Gerard McEwan (Letters, 2 October) perpetuates the usual Labour myth that the Callaghan government in 1979 was brought down by the SNP, when it was the treachery of Labour backbenchers who conspired to make it impossible for the SNP MPs to support the government.
In 1979 the Labour government with no majority was being kept in power by the SNP MPs on the understanding that a referendum bill would be introduced to give Scotland a parliament.
Desperate to hold on to power, the Labour government introduced the bill but George Cunningham, a backbencher, forced an amendment so that the bill would fail unless 40 per cent of the electorate voted for it.
This was enthusiastically endorsed by a large anti-Scottish lobby of Labour MPs, despite there never having been such a requirement in any other vote in UK history, and a Scottish Labour politician, Brian Wilson, set up and chaired the “Labour Vote No” campaign against the wishes of his own prime minister, who was for devolution.
Although 52 per cent of the Scottish voters voted for the parliament the bill was deemed to have failed, leaving a large number of Scots angry and disillusioned.
The SNP MPs could no longer honourably support a party which had so failed to deliver its promises and were left with no option but to support the Tory vote of no confidence which brought down the Labour government.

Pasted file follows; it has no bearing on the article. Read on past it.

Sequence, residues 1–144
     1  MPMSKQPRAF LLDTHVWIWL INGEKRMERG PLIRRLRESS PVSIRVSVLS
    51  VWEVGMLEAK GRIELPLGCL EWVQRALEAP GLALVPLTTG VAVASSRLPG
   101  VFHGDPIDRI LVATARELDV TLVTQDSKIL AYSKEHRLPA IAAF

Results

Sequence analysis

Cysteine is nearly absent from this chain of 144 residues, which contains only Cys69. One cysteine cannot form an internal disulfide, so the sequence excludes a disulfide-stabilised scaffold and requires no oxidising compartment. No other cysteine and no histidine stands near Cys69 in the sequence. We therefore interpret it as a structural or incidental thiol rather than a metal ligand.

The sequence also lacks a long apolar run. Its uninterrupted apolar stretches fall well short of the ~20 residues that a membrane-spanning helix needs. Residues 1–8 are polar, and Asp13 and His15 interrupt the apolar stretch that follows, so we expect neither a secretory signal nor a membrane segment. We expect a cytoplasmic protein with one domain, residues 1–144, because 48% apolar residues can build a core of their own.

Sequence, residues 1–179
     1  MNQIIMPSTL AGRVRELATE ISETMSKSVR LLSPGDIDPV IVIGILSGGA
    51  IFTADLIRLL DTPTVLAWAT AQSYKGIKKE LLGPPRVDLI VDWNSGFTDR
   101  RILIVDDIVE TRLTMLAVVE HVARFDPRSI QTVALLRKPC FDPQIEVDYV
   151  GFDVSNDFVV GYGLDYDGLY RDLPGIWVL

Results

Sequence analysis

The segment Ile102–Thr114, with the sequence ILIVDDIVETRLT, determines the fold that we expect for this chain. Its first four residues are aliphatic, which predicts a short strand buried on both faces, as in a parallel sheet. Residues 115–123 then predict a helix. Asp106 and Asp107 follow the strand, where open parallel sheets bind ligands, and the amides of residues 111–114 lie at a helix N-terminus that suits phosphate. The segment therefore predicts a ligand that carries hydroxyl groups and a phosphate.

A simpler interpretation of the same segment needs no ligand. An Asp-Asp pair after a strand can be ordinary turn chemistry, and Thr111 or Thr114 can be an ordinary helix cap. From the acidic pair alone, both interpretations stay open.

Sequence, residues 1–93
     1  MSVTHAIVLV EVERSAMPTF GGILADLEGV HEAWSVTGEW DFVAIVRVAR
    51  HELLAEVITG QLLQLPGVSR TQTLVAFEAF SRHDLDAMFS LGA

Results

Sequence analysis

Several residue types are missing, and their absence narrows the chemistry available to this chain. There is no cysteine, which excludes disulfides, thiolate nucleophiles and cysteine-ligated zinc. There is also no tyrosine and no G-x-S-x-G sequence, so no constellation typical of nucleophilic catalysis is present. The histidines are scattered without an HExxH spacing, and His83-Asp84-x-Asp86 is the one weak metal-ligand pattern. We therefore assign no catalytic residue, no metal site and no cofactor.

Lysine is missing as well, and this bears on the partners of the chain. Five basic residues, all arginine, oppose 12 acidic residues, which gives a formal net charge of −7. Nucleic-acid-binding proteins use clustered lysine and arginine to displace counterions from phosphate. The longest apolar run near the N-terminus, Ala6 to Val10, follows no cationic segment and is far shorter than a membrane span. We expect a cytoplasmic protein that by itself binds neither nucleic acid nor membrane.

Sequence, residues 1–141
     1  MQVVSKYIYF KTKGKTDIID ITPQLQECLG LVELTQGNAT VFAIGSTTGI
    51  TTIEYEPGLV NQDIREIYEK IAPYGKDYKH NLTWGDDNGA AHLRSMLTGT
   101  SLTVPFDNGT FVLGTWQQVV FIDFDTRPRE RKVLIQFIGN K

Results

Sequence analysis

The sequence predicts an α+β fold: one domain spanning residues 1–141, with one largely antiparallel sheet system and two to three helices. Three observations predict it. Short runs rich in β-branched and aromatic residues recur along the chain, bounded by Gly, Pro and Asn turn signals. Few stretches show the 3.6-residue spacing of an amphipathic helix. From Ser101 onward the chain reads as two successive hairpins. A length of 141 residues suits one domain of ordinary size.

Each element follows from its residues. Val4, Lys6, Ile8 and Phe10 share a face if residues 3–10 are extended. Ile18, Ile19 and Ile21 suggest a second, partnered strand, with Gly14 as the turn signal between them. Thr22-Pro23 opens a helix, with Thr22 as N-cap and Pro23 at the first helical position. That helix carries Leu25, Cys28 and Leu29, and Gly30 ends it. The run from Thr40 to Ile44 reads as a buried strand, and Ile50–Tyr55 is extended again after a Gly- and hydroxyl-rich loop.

The responsibility for that fall was entirely due to the treachery of the Labour backbenchers to their own prime minister.
If they had supported the Labour government’s original proposal then the vote of no confidence would not have happened, the Callaghan government would have continued, and Scotland would have had a parliament in 1979.
James A Duncan
Gerard McEwan has a very selective memory. The original Tartan Tories were not the SNP, who made and kept a deal to vote for everything in the Labour manifesto in return for a Labour pledge to set up a Scottish Assembly.
The Tartan Tories were the Scottish Labour MPs who sabotaged the Assembly promise, brought in the “40 per cent rule” and canvassed against official Labour policy.
When the electors had voted by a majority for the much watered down Assembly the SNP demanded that prime minister James Callaghan use a three-line whip to pass the Assembly, for which they had supported the Wilson/Callaghan government on every issue in the Labour manifesto, and which was a Labour manifesto commitment.
The people who brought down the Callaghan government a few months before its last possible date were the Labour MPs who announced that they would refuse to accept a three-line whip and would vote against a Labour manifesto policy.
The Labour MPs who refused to vote for Labour policy are the real Tartan Tories.